3. The cause and effect of legalizing and increased consumption is taken for granted, but questionable as being accurate. The unlicensed suppliers continue to thrive now as they have long before legalization.
    Back in the 70s and 80s in Fairbanks drunk driving was endemic. It seems that the threat of drunk impaired drivers is less, but the threat of texting drivers now is as common as alcohol was then.
    The method of the AAA study would need to be evaluated as to how the data is extrapolated as testing for cannabis is not advanced and common as for alcohol.
    There is no defense or excuse for driving impaired under any substance. There are large numbers of people who benefit from cannabis as an alcohol and opiate replacement, who consume for pain and health conditions instead of pharmaceutical drugs with scores of nasty side effects. In the Native community, alcohol and opiates remain the number 1 scourge.

    • Friend, there may be a few who actually use it for medicinal purposes – like a dear neighbor who was giving CBD oil to her arthritic dog. But what I’m seeing on the road is a lot of stoners behind the wheel. You can argue the specificity of numbers if you like – I don’t have access to the AAA study or methodology or statistical sample size. But this much I can say – THEY’RE RIGHT. If you want to get high, STAY HOME. Stop endangering me and my family and friends. Your apologetic for marijuana use is tired horse hockey.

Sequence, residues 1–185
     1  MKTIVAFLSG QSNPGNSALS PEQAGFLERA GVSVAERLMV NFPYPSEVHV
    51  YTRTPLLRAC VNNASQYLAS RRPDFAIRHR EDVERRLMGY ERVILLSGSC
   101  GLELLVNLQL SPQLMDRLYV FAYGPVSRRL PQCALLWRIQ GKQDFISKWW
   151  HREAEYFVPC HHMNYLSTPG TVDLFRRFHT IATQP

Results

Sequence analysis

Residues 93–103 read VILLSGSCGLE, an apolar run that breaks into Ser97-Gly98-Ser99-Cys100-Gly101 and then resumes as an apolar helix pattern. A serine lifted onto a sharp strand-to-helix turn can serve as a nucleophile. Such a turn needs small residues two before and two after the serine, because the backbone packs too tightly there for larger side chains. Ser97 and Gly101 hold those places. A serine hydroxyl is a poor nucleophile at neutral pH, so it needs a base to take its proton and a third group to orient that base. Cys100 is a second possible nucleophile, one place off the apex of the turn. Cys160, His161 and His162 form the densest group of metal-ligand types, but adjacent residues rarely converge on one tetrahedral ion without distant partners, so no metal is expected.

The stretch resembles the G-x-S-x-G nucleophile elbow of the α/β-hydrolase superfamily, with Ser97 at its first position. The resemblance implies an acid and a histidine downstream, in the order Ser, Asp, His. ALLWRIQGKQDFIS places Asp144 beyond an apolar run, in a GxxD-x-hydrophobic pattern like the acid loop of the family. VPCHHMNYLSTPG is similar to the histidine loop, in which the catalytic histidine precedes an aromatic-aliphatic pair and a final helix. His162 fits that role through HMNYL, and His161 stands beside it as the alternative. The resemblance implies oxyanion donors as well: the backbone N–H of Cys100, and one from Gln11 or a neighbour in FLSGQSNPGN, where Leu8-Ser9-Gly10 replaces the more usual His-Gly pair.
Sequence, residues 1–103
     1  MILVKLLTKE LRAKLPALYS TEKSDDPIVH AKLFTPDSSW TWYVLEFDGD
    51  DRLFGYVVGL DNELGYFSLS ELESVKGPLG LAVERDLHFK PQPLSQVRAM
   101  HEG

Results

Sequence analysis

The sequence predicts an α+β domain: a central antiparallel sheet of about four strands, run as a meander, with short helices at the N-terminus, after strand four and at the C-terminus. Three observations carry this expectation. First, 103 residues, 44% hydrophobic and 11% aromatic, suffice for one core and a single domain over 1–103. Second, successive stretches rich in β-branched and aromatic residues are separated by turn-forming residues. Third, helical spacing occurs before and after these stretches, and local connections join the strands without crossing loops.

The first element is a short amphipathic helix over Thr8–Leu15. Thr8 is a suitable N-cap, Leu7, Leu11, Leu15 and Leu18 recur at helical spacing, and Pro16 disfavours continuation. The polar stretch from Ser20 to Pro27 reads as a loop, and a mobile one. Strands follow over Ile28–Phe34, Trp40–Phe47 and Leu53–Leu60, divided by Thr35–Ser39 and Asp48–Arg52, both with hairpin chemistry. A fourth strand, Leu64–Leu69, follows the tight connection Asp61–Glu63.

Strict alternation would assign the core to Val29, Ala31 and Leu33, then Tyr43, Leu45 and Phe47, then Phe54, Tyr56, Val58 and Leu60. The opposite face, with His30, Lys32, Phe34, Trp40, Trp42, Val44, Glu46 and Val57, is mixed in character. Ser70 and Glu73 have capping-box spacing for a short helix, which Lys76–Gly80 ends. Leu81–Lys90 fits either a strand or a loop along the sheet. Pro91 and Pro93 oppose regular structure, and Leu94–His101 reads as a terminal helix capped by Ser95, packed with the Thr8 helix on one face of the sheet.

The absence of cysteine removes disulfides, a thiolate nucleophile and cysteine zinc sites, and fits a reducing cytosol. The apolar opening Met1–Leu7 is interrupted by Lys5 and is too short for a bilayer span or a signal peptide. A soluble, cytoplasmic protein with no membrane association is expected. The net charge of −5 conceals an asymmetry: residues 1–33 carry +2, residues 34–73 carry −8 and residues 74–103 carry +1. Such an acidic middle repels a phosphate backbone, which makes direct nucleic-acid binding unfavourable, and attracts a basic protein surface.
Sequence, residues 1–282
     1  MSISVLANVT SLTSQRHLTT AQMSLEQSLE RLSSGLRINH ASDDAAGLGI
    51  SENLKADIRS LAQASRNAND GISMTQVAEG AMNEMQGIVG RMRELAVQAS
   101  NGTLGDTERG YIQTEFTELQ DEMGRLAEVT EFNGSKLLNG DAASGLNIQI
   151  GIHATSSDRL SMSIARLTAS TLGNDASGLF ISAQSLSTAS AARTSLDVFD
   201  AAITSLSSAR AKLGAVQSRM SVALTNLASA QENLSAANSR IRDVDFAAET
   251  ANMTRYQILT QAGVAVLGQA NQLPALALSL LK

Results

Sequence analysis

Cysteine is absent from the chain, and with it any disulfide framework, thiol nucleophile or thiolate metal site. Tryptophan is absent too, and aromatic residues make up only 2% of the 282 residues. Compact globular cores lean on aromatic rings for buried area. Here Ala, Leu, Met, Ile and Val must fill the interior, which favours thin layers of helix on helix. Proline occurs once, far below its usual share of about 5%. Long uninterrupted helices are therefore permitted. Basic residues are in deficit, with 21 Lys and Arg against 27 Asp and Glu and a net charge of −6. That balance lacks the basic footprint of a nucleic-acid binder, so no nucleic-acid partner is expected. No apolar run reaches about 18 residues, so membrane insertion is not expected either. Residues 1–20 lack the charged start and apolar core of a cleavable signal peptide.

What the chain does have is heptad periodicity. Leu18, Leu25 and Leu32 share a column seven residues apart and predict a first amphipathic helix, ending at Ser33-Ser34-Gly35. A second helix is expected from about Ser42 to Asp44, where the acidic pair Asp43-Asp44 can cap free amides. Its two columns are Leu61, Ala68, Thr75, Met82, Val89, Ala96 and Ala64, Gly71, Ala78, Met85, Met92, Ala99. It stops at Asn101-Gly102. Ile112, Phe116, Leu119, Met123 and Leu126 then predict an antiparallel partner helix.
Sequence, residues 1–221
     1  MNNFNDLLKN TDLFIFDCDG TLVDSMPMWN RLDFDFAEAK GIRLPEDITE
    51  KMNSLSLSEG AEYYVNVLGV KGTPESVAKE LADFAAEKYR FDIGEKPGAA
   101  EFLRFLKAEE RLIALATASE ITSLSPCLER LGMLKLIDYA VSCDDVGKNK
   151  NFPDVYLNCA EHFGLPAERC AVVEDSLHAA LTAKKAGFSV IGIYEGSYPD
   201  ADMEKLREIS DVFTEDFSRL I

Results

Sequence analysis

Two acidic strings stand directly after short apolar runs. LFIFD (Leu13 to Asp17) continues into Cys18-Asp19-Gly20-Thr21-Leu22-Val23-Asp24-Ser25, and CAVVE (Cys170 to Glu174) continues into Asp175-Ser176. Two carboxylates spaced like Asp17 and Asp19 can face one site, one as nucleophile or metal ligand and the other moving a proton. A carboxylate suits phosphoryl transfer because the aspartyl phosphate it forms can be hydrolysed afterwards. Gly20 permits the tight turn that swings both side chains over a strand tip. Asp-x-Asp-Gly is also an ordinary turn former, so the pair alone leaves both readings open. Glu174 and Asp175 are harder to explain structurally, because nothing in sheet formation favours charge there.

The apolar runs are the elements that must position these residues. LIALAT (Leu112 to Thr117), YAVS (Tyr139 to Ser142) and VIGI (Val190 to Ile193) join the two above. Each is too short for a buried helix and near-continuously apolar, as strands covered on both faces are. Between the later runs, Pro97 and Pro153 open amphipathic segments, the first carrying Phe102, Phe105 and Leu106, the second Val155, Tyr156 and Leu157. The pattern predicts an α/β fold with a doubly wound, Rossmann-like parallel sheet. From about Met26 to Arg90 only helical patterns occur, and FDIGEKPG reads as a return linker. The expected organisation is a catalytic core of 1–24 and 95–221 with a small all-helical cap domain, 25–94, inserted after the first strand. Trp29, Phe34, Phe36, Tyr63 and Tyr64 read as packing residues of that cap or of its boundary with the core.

And yeah, I was a teenager once upon a time… and I inhaled… More than 40 years no weed, no drugs, no alcohol – I don’t need that crap to make me feel good or relax or whatever. Yes, I remember what it was like… Aspirin or Ibuprofen work just fine for typical old guy pain… We have a mindset in this nation that says we have to numb every symptom that disturbs us in any way – this is a spiritual problem, and a lazy excuse for not getting off your butt and getting involved in something constructive.

      • In other words: “Everyone look at me! You should be more like me!”